Beneath the icy waters of the high arctic, Hall-Spencer and his co-workers found what did not exist according to textbooks at the time - a coral reef in the deep, thriving in the lightless chills of 5- 6 degrees Centigrade.  Named Rost Reef, this unexpected deep-sea oasis stands 600 meters tall and stretches for 35 kilometers.

Because the reef lies at a depth shrouded in permanent darkness, its amazingly diverse fauna and flora entirely depend on "scraps falling off the table" - organic matter produced in the shallow waters above, where sunlight allows for photosynthesis and primary production.

"When the lights of our remotely operated deep sea submersibles lit up the darkness, we saw all these corals in bright colors of blue, pin and, red," says Hall-Spencer."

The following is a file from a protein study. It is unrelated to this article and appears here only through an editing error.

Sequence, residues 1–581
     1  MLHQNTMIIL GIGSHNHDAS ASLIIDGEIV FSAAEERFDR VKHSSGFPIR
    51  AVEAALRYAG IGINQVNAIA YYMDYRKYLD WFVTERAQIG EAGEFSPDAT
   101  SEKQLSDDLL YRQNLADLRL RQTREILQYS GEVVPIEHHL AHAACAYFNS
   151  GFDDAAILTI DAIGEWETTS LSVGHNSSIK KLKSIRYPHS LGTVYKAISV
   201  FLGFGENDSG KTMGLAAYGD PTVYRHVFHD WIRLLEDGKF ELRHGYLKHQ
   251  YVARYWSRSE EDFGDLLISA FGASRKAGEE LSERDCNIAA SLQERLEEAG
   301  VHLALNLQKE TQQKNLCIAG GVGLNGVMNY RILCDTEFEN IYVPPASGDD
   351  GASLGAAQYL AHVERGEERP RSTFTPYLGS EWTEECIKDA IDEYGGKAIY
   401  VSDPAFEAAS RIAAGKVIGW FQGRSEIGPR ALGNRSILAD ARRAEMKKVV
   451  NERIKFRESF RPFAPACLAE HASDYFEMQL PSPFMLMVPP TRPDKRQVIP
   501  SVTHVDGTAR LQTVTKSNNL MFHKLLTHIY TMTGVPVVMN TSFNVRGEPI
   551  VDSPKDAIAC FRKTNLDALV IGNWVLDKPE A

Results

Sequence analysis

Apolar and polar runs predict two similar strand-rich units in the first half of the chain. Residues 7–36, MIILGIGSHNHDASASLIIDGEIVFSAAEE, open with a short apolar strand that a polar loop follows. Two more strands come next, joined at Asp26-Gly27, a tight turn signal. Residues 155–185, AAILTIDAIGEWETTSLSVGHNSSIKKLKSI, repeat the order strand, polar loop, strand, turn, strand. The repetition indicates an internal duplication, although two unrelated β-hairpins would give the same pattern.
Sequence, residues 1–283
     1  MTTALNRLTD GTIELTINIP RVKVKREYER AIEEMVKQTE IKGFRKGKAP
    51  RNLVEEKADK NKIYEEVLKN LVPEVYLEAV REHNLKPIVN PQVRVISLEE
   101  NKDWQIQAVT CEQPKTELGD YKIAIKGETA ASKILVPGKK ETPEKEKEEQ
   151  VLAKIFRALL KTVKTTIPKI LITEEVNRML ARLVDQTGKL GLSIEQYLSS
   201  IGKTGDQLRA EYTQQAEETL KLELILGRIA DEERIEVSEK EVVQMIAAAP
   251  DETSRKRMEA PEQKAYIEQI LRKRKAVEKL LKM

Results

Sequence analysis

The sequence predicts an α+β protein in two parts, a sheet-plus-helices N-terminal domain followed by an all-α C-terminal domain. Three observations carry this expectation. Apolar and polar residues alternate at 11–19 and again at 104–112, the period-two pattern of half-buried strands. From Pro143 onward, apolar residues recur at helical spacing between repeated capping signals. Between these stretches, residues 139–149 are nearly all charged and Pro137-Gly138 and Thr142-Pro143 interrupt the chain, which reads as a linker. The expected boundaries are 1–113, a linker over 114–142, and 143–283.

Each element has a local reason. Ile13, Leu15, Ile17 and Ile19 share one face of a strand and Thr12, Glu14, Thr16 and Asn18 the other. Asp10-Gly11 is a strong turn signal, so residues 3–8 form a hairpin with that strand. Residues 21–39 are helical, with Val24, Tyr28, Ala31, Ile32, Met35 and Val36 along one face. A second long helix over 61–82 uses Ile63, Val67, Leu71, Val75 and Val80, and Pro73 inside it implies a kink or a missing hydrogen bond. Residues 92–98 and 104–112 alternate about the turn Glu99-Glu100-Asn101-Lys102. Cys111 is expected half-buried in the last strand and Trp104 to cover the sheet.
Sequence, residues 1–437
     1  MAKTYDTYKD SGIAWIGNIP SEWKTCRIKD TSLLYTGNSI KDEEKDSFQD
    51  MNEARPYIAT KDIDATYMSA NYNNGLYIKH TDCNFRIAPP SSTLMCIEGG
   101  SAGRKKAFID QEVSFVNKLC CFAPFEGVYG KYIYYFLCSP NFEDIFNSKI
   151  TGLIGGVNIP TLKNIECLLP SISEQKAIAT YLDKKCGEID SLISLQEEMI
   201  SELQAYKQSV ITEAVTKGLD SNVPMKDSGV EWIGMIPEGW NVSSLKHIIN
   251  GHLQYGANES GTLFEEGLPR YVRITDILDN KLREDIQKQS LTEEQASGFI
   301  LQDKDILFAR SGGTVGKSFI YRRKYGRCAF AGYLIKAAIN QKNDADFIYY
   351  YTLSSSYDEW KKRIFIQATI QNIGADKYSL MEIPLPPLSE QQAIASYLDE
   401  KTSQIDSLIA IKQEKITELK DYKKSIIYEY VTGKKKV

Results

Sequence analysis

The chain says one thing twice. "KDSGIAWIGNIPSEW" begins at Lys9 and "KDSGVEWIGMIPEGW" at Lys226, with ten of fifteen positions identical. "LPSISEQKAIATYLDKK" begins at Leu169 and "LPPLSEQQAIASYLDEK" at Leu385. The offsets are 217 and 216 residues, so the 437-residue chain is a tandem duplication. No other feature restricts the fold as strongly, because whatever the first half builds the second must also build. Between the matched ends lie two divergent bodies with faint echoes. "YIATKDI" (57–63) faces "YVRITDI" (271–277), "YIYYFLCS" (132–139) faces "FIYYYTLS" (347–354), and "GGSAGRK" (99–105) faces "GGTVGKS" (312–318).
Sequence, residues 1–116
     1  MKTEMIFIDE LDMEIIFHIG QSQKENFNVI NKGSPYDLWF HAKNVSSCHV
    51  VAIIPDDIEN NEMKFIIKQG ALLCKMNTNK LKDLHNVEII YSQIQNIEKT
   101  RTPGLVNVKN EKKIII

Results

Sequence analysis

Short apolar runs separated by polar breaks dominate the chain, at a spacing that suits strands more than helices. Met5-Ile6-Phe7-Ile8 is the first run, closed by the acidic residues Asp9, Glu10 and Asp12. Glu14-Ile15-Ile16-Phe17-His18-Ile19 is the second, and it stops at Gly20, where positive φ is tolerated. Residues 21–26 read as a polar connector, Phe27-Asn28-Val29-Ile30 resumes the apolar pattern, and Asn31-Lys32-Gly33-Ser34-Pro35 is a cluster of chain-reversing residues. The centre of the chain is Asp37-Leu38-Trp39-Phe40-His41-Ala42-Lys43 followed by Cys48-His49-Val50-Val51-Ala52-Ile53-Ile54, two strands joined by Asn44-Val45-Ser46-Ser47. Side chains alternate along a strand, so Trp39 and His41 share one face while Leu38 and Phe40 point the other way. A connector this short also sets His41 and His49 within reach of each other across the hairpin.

But when his team took measurements of pH values at various depths around the reef, a bleak picture emerged.

"Since 1770, when fossil fuel burning started, ocean waters around Rost Reef have become 30 more acidic. This magnificent reef has existed for about 8,000 years, and now that we have barely discovered it, our measurements suggest it is already headed for extinction."

What you can do to help protect seamount from further destruction: Don't consume or buy seafood that has been trawled from seamounts, such as Orange Roughy, Oreo, Grenadier, Cardinal Fish or Toothfish (Chilean Seabass).

To watch a video of the teeming life along the slopes of Davidson seamount, located 120 km Southwest of Monterey, California, one of the largest known seamounts in U.S. waters, go to: http://www.youtube.com/watch?v=5rb5HzR26OM

Reference: M. Clark et al.(2010) The Ecology of Seamounts: Structure, Function and Human Impacts, Annual Review of Marine Science 2010.2:253-278